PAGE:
“Make 'em jealous at work,” another hawker cried as thousands squeezed into the Capital One Arena on Saturday night to hear from the woman that the evening’s host, Valerie Jarrett, a senior adviser to former president Barack Obama, called “a badass.”
There were Michelle calendars being sold by little kids looking to raise money for . . . something. An entire table was covered with DVDs featuring her “five most inspiring speeches.” There were custom clutch purses decorated with what appeared to be every single one of her magazine covers. A fuchsia “silk” scarf with her book’s cover image on one side and inspiring quotes on the other. Michelle buttons, Michelle wallets, Michelle beanies in every crazy color from highlighter yellow to tangerine. There was a Michelle fanny pack.
And that was just outside. Inside, the “official” tour T-shirt with a crisp, non-bootlegged — er, blurry — image of Mrs. Obama on the front sold for $35. If you wanted long sleeves, it was $50. Onesies for budding Michelle fanatics were $20.
“Ladies,” one woman yelled to her posse of girlfriends as they passed the official tour merchandise tables, “are we here for any of these overpriced items?” No one raised their hand, which meant the line moved quicker for women like 45-year-old Lachelle Parker.
“She’s killing it,” Parker said while waiting, “mature woman’s drink” in hand, for a $35 “Becoming” candle (which we can only assume smelled like inspiration and empowerment). “She’s doing a Beyoncé,” she continued as she bought a signed book for $36 before the arena ran out. “I’m super hype. She is a trailblazer. And I love her.”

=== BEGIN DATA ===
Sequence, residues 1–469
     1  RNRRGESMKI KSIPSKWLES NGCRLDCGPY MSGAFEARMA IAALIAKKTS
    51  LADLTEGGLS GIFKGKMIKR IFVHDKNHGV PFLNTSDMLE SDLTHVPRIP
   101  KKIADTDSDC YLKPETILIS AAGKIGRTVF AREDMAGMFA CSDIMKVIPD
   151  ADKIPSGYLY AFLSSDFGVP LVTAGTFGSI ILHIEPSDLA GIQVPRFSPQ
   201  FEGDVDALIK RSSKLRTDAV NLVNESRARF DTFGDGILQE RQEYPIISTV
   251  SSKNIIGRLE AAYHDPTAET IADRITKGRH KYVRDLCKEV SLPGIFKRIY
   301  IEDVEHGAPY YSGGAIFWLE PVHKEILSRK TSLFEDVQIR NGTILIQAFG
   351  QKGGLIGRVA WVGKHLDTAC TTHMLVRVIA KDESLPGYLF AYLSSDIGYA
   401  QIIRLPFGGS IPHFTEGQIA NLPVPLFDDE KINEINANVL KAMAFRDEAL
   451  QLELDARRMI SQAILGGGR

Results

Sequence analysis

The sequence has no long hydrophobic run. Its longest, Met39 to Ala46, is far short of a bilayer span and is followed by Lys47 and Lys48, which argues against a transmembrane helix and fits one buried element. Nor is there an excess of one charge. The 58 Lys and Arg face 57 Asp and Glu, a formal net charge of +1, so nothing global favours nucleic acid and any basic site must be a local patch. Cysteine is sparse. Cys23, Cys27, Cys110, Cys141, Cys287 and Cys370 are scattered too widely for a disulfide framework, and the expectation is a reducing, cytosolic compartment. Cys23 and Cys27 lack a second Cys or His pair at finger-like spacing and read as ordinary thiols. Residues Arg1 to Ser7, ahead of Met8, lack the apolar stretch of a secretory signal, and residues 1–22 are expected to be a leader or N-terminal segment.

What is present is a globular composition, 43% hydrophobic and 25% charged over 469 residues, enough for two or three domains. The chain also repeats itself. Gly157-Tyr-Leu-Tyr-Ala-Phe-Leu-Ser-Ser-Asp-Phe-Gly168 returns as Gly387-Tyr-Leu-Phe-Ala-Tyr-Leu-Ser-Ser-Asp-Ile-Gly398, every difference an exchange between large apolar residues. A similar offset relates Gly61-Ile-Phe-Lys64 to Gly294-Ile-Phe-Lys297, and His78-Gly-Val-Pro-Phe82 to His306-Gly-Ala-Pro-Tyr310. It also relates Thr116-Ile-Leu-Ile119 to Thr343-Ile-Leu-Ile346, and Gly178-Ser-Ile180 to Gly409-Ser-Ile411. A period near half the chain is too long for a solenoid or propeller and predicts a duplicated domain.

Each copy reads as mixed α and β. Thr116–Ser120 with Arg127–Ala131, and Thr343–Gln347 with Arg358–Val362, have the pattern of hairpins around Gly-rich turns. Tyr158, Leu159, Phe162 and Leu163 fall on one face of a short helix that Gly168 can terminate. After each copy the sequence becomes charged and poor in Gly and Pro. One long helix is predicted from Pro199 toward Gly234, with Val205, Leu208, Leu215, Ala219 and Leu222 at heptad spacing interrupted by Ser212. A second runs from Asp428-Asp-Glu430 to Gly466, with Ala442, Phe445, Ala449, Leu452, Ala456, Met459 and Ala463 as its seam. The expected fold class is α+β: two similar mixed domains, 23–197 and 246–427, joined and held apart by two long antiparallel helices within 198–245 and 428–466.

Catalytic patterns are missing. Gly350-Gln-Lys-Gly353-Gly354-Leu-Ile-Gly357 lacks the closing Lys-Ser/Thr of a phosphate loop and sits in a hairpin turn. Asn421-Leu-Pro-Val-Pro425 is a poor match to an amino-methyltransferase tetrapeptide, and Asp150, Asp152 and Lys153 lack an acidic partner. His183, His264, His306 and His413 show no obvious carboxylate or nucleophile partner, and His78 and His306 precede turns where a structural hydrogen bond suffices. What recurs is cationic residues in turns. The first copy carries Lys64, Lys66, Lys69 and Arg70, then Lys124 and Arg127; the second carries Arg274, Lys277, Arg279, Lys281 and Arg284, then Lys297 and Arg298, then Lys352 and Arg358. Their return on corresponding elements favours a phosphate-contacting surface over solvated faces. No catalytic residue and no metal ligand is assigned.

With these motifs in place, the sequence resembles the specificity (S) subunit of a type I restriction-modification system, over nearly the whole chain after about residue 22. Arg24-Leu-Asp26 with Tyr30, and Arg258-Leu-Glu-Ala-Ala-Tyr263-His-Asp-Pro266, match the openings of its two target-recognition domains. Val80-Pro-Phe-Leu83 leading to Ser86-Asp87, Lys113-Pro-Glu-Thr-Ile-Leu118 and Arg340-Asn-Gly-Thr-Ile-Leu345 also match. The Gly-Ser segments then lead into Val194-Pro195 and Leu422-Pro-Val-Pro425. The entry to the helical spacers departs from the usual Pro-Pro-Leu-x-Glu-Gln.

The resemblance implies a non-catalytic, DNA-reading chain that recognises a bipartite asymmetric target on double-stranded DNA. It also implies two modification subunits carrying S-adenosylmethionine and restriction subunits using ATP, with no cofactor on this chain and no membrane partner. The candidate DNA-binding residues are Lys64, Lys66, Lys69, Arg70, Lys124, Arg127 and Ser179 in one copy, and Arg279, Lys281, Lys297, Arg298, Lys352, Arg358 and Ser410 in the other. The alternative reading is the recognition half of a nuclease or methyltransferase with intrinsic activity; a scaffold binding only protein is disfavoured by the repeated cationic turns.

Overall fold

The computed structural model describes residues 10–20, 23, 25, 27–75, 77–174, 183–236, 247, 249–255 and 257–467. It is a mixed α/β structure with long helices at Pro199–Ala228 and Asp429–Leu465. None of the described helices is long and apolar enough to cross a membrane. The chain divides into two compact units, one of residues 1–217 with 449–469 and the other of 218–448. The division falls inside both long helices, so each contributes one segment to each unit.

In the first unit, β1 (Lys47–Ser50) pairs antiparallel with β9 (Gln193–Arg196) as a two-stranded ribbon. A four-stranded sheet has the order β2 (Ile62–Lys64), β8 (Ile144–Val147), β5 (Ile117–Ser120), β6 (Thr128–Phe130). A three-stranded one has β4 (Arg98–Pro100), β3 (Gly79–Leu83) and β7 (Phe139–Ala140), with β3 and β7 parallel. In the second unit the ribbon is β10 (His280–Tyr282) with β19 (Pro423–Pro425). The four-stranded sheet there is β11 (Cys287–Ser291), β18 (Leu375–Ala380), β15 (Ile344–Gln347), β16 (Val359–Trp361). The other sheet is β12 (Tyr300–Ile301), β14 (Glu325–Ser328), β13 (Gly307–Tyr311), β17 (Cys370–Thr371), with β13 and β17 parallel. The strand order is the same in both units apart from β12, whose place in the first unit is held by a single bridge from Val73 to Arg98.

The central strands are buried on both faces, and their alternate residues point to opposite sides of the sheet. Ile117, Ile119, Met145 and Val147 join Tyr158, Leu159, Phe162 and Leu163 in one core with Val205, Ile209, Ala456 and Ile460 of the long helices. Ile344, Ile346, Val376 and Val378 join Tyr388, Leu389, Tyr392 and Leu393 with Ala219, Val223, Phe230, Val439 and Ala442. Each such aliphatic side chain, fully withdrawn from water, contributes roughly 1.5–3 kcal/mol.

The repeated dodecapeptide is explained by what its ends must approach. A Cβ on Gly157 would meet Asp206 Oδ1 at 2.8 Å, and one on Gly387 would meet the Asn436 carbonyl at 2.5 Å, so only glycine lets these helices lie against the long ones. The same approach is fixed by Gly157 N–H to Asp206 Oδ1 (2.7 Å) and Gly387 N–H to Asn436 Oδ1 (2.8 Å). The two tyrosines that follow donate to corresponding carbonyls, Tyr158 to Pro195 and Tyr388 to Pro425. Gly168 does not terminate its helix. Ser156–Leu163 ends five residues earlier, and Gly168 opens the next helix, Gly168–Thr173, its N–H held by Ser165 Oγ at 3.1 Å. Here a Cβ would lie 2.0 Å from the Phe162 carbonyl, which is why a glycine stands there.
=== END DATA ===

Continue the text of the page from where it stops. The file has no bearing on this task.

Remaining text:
Everyone in the arena loved her, admires her, is inspired by her and would like some of her to rub off on them.
“I’m expecting to become,” Katrell Mendenhall, 41, explained as she stood next to her mother. “I think every woman and man in here is trying to reach something.”
With five minutes left before the event’s start time, the crowd has already been steeped in Michelle Obama everything for what feels like eternity — the merch, the life-size portraits for Instagram, the crackling energy — and somehow there was room for more.
A group of a half-dozen teenage Girls Scouts scurried to their section, vests flapping, as Mary Contee used a walking cane like a scepter to glide to her own seat with her two daughters and granddaughter in tow. Her 70th birthday was last week, she said, and this was her present.
It’s hard to define when a book tour is no longer really a book tour, but this event felt like the deciding difference. Is it when it’s selling out basketball arenas and not dwindling book stores? Check. When the tickets are going for hundreds, if not thousands of dollars? Check. When most of the crowd hasn’t even read the book yet? When white parents are bringing their 10-year-olds as a treat (and a lesson), and grown black women are bringing their 70-year-old mothers for the same reason? Check and check.